2021 Volume 3 Issue 1 Pages 22-29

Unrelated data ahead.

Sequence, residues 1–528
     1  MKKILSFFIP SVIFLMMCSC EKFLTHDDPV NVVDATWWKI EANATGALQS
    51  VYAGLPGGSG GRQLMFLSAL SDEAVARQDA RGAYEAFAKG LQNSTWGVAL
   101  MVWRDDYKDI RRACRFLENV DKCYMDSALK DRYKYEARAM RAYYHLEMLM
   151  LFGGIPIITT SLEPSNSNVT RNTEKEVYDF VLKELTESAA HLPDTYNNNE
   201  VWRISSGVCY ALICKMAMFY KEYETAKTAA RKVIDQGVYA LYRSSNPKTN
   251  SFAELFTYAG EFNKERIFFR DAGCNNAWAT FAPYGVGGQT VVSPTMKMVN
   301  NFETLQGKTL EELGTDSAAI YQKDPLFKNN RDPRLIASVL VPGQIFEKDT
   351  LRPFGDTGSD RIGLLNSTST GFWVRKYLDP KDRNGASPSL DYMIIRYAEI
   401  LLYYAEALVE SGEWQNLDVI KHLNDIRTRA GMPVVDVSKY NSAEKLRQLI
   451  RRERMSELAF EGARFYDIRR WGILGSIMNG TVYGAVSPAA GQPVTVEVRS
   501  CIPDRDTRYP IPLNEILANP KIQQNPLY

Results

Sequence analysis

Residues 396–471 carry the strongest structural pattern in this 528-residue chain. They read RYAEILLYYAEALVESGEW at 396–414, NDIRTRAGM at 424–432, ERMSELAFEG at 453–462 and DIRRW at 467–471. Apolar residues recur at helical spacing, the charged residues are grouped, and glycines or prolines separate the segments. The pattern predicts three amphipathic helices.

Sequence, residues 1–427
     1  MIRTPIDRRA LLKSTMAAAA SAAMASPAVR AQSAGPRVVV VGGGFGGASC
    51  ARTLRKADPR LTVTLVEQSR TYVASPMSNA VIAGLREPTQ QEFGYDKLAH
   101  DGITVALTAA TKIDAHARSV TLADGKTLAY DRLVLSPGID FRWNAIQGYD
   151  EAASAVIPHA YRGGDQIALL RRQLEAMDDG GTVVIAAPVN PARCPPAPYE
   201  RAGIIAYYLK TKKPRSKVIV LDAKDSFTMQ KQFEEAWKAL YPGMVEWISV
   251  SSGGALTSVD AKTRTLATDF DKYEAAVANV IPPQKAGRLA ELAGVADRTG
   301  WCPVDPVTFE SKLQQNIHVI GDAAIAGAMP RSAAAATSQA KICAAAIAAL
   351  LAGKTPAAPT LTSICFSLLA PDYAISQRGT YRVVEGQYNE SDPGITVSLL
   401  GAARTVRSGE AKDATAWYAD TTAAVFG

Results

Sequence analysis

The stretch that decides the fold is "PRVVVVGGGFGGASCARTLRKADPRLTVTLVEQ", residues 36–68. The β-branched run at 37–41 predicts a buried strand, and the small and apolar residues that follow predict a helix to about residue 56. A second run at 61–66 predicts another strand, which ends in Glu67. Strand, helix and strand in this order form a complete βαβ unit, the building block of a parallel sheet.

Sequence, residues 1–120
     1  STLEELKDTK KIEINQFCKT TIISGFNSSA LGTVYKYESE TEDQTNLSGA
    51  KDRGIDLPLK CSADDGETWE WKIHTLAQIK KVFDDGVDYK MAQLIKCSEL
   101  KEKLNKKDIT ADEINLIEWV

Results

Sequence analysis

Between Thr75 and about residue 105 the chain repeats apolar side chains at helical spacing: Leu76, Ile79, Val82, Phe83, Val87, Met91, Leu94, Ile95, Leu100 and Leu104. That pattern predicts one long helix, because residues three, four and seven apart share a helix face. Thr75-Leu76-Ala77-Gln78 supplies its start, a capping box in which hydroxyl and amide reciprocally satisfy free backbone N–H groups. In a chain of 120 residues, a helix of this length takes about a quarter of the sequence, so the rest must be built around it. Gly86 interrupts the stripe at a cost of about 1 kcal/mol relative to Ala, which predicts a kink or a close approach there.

In vivo assessment of murine gastrointestinal (GI) motility is useful for understanding GI diseases and developing effective therapies. The establishment of noninvasive measurement methods for mice will contribute to translational research bridging basic research and clinical practice, which can be a beneficial for maintaining quality of life in humans and animals. Recent advances in noninvasive diagnostic techniques have led to this update on the application and performance of available tests in mice. In vivo imaging techniques have been developed as noninvasive methods for the assessment of murine GI motility, and many of these methods have been applied to humans. Imaging techniques, including scintigraphy and ultrasonography, are frequently used in clinical practice. Basic data obtained using methods commonly used in clinical practice may be directly translated to clinical practice and are more attractive than those obtained using invasive methods. In this review, we provide recommended methods for noninvasively investigating gastric, small intestinal, and colonic motility in mice and detail the benefits of each test.